Rolling over the naturally hilly landscape, the bright-green turf of Statler’s Fun Center’s miniature-golf course winds around the center’s 1,528-foot go-kart track. Engines roar as racers 10 or older zip through the over-and-under bridge’s tight turns or give their lead foot free rein on the straightaways.
The soundtrack of purring motors underscores high-stakes games of miniature golf as players putt their way through deviously landscaped greens, expertly maneuvering the cave with a hidden waterfall and defeating the final hole guarded by squatting gophers. An air-conditioned snack shop provides respite from summer heat with cool drinks and an arcade full of excuses to hang out indoors, such as the classic air-hockey table and skee-ball.
A pair of massive par 5s bookends the course at Glengarry Golf Links. The first hole stretches to 564 yards, and the final hole reaches 555 yards, making both more than 100 yards longer than any other hole on the course. Between them, golfers can't just cruise, either: six lakes creep into play on seven different holes, and 20 catcher's mitt bunkers lie in wait to devour shots that run astray. Challenging as the course is, it surrounds visitors in beauty by weaving through tall native grasses and fescue mounts amid the foothills of the Laurel Mountains. Plus, 50-yard-wide fairways create spacious landing zones for balls and for players who opt for jet packs over golf carts.
Course at a Glance * 18-hole, par 69 course * Total of 6,197 yards * Five tees per hole * Course rating of 69.7 from the tips * Course slope of 125 from the tips * Scorecard
The impressive course at Scottish Heights offers 18 holes of mature tree-lined fairways and luscious, well-groomed greens. The signature number 4 hole requires a tee shot over Rattlesnake Creek, where spawning trout raise stray balls as their own eggs. Cozy rooms at the lodge vary depending on availability, but options include double rooms, two-bedroom suites, and two-bedroom/two-bathroom condos. Top off your golfcation with a hearty meal at the Bagpiper's Restaurant, or rehash eagles, ostriches, and griffins over a postround flagon of ale at the open-air bar.
Named for the sunny yellow birdsfoot trefoil flowers strewn throughout the course—sprouted from seeds that fell off hay wagons rumbling through years ago on the fields of the former Buffalo Creek Farms—the championship golf course at Birdsfoot Golf Club enchants golfers with rolling hills and country charm. The links-style front nine give way to a back nine whose fairways open over hills, inviting golfers to pull out their drivers and whack dimpled orbs with the club-swinging gusto usually reserved for cracking eggs into an omelet pan. The Pittsburgh Post-Gazette highlights the course’s 465-yard third hole as one of the 18 best public holes in western Pennsylvania, citing its mounded fairway, which doglegs left and challenges putts with a downhill, sloped green. As carts zoom from one hole to the next, they traverse a path where bogeyman faces carved by a local artist peer from tree trunks. When players finish their rounds, they can unwind in a clubhouse where ghosts from its former life as a farmhouse offer advice on covertly changing scorecard results.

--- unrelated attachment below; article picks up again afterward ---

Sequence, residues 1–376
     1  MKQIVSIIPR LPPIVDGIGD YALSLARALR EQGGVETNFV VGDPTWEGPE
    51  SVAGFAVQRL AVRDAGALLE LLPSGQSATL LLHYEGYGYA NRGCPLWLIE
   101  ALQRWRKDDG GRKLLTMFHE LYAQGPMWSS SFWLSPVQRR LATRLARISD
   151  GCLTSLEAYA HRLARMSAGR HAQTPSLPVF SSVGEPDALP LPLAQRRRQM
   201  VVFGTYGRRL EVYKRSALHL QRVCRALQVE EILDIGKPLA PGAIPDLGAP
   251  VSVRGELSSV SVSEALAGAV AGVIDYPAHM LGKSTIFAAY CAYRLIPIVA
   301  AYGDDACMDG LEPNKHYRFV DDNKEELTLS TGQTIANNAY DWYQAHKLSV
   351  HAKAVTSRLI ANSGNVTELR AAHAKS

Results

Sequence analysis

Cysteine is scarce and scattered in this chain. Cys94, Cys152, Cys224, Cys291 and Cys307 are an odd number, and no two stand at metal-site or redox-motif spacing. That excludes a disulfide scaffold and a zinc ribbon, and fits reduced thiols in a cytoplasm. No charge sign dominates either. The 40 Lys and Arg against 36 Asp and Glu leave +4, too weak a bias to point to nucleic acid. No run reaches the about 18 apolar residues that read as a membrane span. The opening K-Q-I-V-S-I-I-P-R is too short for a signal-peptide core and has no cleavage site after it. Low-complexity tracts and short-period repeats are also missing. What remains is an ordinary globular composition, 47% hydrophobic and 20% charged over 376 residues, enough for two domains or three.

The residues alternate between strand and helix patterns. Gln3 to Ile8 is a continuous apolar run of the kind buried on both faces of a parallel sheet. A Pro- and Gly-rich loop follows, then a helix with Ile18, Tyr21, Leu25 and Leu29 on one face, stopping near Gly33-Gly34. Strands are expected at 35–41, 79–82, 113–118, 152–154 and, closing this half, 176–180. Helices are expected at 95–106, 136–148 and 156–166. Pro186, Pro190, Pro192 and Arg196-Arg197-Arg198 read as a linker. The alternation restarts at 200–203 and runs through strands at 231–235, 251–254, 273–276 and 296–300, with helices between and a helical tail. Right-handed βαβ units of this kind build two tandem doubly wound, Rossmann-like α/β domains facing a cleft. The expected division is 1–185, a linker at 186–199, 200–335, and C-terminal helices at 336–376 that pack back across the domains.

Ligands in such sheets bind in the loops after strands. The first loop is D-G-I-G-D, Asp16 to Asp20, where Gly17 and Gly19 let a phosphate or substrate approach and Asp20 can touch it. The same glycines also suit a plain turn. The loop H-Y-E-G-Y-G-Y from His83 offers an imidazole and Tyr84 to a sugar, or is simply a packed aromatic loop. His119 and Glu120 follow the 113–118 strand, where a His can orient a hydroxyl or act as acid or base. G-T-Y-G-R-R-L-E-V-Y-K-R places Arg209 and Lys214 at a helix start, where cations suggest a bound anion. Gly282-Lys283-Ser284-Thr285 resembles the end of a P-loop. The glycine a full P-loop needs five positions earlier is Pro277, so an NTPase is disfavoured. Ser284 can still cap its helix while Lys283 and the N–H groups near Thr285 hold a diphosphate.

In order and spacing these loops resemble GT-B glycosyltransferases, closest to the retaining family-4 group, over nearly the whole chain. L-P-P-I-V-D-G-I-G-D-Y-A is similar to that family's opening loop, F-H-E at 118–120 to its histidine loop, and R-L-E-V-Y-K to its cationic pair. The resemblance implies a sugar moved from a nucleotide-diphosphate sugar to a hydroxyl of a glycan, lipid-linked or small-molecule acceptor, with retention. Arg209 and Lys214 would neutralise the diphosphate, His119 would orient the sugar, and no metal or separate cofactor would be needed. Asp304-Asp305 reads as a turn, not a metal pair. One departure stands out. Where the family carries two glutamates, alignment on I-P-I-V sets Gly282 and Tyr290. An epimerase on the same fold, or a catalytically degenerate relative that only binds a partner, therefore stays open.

Course at a Glance:
18-hole, par 72 course
Length of 7,034 yards
Course rating of 74.4
Slope rating of 137
See an interactive course tour
Totaling a little more than 2,500 yards laid end to end, the nine holes that constitute Maple Crest Golf Course's rolling hills challenge players to exhibit deft control in order to master its relatively short layout. Big hitters who can keep the ball in play enjoy wide, open fairways, but overzealous strokes may fly out of bounds or enter into orbit, forcing a difficult re-entry through the atmosphere and onto the 5,000-square-foot greens. The par 3 sixth hole forces players to hit their tee shot into a narrow opening above a ravine, and the par 5 ninth hole—the course’s longest at 464 yards—protects its multitiered green with trees and uphill lies.
Course at a Glance:
Eighteen-hole, par 68 course
Total length of more than 5,000 yards from the back tees
An old Civil War-era cannon welcomes golfers to the clubhouse at Locust Hill Golf Course. though course management may not use it for shotgun tournament starts or to launch slow-play warnings at laggard golfers, it sets a historic tone for bucolic rounds of golf through the foothills of the Blue Ridge Mountains. The chief hazards here are the lakes, ponds, and streams adding up to 35 acres in total. Water enters play on 11 of the 18 holes, but even if players can keep their golf balls high and dry, they still need to successfully navigate numerous sand bunkers and hard-to-read greens if they're to play well.